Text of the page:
Besides runtime checks, we also have a lot of development time checks. We call these sanity specs, and the goal is to check for developer mistakes during development. For example, we have a public_id column on most of our tables that represents the externally facing identifier (instead of using our internal database ids). Since we almost always look objects up by this id, we want to make sure it’s always indexed. We can codify this requirement into a spec that will fail if we forget the index:

require 'spec_helper'

describe 'Sanity Specs' do
  describe "database tables" do
    they "have a unique index on the public_id column" do
      indexes = ActiveRecord::Base.connection.select_values("SELECT relname FROM pg_class WHERE relkind = 'i'")
      ActiveRecord::Base.connection.tables.each do |table|
        klass = ActiveRecord::Base.descendants.detect { |k| k.table_name == table }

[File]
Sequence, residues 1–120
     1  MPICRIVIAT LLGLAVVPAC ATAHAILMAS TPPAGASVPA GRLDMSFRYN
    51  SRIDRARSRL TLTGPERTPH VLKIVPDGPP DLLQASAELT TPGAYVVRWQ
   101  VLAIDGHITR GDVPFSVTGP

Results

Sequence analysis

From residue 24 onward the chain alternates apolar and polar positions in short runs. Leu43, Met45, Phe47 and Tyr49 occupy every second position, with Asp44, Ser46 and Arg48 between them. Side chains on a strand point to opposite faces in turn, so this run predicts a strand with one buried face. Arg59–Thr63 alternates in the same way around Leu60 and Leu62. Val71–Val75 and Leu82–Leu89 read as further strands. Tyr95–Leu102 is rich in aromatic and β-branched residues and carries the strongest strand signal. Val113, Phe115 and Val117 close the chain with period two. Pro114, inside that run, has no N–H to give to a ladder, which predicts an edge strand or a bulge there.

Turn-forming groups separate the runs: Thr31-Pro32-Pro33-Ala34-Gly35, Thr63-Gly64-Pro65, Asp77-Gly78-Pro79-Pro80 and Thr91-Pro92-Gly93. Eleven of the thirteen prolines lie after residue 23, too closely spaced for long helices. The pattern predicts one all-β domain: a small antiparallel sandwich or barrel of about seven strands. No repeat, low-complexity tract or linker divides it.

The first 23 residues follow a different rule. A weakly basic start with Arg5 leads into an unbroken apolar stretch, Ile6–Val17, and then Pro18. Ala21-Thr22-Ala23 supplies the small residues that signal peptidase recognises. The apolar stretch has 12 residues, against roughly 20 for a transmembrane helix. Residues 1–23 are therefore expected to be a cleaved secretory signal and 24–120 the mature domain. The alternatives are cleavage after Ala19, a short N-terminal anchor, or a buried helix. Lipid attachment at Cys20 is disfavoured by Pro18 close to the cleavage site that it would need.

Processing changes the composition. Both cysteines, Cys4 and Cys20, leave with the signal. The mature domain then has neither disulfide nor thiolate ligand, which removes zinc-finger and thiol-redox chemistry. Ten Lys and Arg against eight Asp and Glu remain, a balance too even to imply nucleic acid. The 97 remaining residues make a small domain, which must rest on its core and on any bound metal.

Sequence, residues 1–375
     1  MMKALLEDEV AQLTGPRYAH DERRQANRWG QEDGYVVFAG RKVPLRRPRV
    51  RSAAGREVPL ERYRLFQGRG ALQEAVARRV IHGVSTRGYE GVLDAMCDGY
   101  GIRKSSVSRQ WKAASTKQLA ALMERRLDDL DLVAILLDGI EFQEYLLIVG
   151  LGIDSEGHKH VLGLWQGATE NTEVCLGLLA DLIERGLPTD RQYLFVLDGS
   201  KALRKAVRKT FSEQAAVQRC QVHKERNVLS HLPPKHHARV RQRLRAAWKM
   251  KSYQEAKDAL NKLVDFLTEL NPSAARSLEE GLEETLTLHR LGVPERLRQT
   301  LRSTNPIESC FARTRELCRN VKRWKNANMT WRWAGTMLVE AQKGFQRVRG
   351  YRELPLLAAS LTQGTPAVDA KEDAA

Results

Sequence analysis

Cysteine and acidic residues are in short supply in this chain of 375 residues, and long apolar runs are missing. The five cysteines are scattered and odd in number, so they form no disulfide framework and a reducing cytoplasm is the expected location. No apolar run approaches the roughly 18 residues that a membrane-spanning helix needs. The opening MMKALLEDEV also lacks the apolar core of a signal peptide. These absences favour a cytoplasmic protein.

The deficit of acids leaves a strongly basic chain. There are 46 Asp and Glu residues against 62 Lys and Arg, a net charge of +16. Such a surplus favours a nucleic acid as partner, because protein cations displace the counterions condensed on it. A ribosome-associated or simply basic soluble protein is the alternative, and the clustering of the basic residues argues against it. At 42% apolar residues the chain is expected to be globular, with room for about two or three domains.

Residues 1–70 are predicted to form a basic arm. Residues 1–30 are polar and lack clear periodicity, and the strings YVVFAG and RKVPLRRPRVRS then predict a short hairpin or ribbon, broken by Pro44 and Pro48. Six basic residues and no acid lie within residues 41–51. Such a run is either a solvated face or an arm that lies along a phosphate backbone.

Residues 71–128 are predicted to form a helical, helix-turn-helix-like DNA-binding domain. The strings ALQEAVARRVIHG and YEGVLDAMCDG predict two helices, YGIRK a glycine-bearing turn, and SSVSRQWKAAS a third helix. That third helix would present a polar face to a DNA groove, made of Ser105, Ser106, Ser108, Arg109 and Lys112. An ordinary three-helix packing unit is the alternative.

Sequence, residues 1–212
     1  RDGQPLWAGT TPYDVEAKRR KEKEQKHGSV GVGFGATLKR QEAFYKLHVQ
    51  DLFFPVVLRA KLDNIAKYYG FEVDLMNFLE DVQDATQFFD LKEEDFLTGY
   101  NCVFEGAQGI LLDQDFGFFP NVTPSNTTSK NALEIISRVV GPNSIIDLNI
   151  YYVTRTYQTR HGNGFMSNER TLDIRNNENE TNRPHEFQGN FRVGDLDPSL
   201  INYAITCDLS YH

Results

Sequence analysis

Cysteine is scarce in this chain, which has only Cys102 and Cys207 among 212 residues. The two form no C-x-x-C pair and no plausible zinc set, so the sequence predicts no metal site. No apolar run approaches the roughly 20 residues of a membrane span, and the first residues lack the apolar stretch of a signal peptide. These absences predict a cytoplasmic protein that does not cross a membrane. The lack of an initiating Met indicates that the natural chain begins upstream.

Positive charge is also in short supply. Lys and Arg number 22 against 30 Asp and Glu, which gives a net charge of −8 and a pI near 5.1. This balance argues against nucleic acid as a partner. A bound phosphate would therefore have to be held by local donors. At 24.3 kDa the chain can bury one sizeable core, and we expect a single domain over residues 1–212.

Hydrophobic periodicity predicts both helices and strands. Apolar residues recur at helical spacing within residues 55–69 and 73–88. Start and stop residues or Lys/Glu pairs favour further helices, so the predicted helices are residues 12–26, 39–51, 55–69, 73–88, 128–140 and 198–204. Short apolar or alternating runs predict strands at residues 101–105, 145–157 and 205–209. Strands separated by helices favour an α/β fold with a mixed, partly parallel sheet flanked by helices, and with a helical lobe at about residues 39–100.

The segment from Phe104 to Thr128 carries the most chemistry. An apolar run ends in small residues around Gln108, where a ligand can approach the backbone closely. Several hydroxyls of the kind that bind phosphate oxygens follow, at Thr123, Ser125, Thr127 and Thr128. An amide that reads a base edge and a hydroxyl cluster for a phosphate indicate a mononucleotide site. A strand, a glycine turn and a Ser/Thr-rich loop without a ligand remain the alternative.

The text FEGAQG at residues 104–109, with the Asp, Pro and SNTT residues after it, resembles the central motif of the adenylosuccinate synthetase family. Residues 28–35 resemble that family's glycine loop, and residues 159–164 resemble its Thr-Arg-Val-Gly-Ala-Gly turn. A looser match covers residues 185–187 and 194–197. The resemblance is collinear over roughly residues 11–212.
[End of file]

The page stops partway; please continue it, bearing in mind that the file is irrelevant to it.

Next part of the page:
if klass.has_public_id?
            indexes.grep(/index_#{table}_on.*public_id/).size.should eql(1), "#{table} does not have an index on public_id"

Here are some other sanity specs we have:

  • Database tables have non-null created_at/updated_at columns
  • Spec files and app files are named consistently
  • Crontabs have a blank line at the end (to work around an old Ubuntu bug)
  • Every controller defines authorization_data (used for our authorization framework)
  • Migrations do not rename columns, since this cannot be done while the app is running *
  • Migrations do not drop columns unless they are marked in the app as deleted *

* See Ruby Conf Australia: High Availability at Braintree for why these are dangerous operations

Our rough policy is that if you get bitten by something writing code, and others are likely to fall into the same trap, we write a sanity spec to prevent future problems.